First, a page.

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Wage Comparisons in and out of the Firm. Evidence from a Matched Employer-Employee French Database

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  • Olivier Godechot

    (IEP Paris - Sciences Po Paris - Institut d'études politiques de Paris, OSC - Observatoire sociologique du changement - Sciences Po - Sciences Po - CNRS - Centre National de la Recherche Scientifique, MaxPo - Max Planck Sciences Po Center on Coping with Instability in Market Societies - Max Planck Institute for the Study of Societies - Max-Planck-Gesellschaft - IEP Paris - Sciences Po Paris - Institut d'études politiques de Paris)

  • Claudia Senik

    (PSE - Paris School of Economics, PSE - Paris-Jourdan Sciences Economiques - ENS Paris - École normale supérieure - Paris - INRA - Institut National de la Recherche Agronomique - EHESS - École des hautes études en sciences sociales - ENPC - École des Ponts ParisTech - CNRS - Centre National de la Recherche Scientifique, UP4 - Université Paris-Sorbonne)

Abstract

This paper looks at the association between wage satisfaction and different notions of reference wage, based on a matched employer-employee dataset. It shows that workers' satisfaction depends on otherpeople's income in different ways. Relative income concerns are important, but we also find robust evidence of signal effects. For instance, workers are happier the higher the median wage in their firm, holding their own wage constant. This is true of all employees, whatever their relative position in the firm. This signal effect is stronger for young people and for women. These findings are based on objective measures of earnings as well as subjective declarations about wage satisfaction, awareness of other people's wage and reported income comparisons.

Suggested Citation

  • Olivier Godechot & Claudia Senik, 2013. "Wage Comparisons in and out of the Firm. Evidence from a Matched Employer-Employee French Database," PSE Working Papers halshs-00907268, HAL.
  • Handle: RePEc:hal:psewpa:halshs-00907268
    Note: View the original document on HAL open archive server: https://halshs.archives-ouvertes.fr/halshs-00907268
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    Cited by:

    1. Prati, Alberto, 2017. "Hedonic recall bias. Why you should not ask people how much they earn," Journal of Economic Behavior & Organization, Elsevier, vol. 143(C), pages 78-97.
    2. Goerke, Laszlo & Neugart, Michael, 2017. "Social comparisons in oligopsony," Journal of Economic Behavior & Organization, Elsevier, vol. 141(C), pages 196-209.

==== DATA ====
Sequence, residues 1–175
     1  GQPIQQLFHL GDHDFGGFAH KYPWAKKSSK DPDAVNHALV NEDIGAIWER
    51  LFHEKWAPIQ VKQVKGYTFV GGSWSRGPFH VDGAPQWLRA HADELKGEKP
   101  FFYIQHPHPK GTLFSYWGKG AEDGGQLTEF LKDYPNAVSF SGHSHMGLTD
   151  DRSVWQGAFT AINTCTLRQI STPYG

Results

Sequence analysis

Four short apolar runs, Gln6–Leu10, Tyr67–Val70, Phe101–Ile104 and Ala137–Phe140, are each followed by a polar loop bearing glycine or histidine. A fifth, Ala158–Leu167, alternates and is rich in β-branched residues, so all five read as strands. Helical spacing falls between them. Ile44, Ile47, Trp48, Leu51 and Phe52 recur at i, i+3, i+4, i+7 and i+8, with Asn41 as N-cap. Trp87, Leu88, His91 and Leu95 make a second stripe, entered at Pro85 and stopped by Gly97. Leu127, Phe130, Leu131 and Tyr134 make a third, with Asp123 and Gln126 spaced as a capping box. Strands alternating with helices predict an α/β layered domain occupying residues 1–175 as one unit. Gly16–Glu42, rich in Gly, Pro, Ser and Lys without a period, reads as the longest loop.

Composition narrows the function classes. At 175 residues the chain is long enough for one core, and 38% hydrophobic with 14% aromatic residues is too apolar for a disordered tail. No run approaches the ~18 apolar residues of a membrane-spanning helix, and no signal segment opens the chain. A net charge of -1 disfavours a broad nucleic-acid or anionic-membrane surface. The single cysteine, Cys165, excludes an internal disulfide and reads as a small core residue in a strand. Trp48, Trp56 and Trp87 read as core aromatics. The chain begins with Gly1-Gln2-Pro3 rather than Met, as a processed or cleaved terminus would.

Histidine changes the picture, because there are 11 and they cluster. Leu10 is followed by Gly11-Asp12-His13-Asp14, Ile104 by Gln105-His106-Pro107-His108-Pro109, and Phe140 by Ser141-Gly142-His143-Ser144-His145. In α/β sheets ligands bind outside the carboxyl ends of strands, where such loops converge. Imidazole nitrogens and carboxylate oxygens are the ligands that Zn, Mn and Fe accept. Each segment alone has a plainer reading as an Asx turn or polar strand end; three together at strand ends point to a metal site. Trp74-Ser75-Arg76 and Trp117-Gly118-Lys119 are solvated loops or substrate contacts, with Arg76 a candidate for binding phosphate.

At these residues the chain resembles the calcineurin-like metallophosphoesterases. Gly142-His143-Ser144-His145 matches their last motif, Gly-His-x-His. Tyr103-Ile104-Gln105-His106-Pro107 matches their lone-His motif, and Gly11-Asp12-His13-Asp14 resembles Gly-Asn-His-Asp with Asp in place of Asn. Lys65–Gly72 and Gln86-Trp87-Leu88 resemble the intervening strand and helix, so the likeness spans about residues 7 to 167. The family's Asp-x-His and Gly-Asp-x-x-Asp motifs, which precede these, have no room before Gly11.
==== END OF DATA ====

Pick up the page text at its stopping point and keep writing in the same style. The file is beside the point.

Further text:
3. Stavros A. Drakopoulos, 2020. "Pay Level Comparisons in Job Satisfaction Research and Mainstream Economic Methodology," Journal of Happiness Studies, Springer, vol. 21(3), pages 825-842, March.
    4. Christian Grund & Maike Rubin, 2017. "Social comparisons of wage increases and job satisfaction," Applied Economics, Taylor & Francis Journals, vol. 49(14), pages 1345-1350, March.
    5. Mohsen Javdani & Brian Krauth, 2020. "Job satisfaction and co‐worker pay in Canadian firms," Canadian Journal of Economics/Revue canadienne d'économique, John Wiley & Sons, vol. 53(1), pages 212-248, February.
    6. Laszlo Goerke & Michael Neugart, 2017. "Social comparisons in Oligopsony," IAAEG Discussion Papers until 2011 201704, Institute of Labour Law and Industrial Relations in the European Union (IAAEU).
    7. Laetitia Hauret & Donald R. Williams, 2019. "Relative Income and Pay Satisfaction: Further Evidence on the Role of the Reference Group," Journal of Happiness Studies, Springer, vol. 20(1), pages 307-329, January.
    8. Andrew E. Clark, 2017. "Happiness, income and poverty," International Review of Economics, Springer;Happiness Economics and Interpersonal Relations (HEIRS), vol. 64(2), pages 145-158, June.
    9. Mohrenweiser, Jens & Pfeifer, Christian, 2019. "Firms' Wage Structures, Workers' Fairness Perceptions, Job Satisfaction and Turnover Intentions: Evidence from Linked Employer-Employee Data," IZA Discussion Papers 12821, Institute of Labor Economics (IZA).
    10. Piper, Alan T., 2015. "Sliding down the U-shape? A dynamic panel investigation of the age-well-being relationship, focusing on young adults," Social Science & Medicine, Elsevier, vol. 143(C), pages 54-61.
    11. Filiz Gülal & Adam Ayaita, 2018. "The Impact of Minimum Wages on Well-Being: Evidence from a Quasi-Experiment in Germany," SOEPpapers on Multidisciplinary Panel Data Research 969, DIW Berlin, The German Socio-Economic Panel (SOEP).
    12. Piper, Alan T., 2014. "Sliding down the U-shape? An investigation of the age-well-being relationship, with a focus on young adults," MPRA Paper 55819, University Library of Munich, Germany.
    13. Sun Youn Lee & Fumio Ohtake, 2018. "How Conscious Are You of Others? Further Evidence on Relative Income and Happiness," ISER Discussion Paper 1022, Institute of Social and Economic Research, Osaka University.

    More about this item

    Keywords

    Income comparisons; Income distribution; Job satisfaction; Wage satisfaction; Signal effect; Matched employer-employee survey data;

    JEL classification:

    • D31 - Microeconomics - - Distribution - - - Personal Income and Wealth Distribution
    • D63 - Microeconomics - - Welfare Economics - - - Equity, Justice, Inequality, and Other Normative Criteria and Measurement
    • I30 - Health, Education, and Welfare - - Welfare, Well-Being, and Poverty - - - General
    • J28 - Labor and Demographic Economics - - Demand and Supply of Labor - - - Safety; Job Satisfaction; Related Public Policy
    • J31 - Labor and Demographic Economics - - Wages, Compensation, and Labor Costs - - - Wage Level and Structure; Wage Differentials

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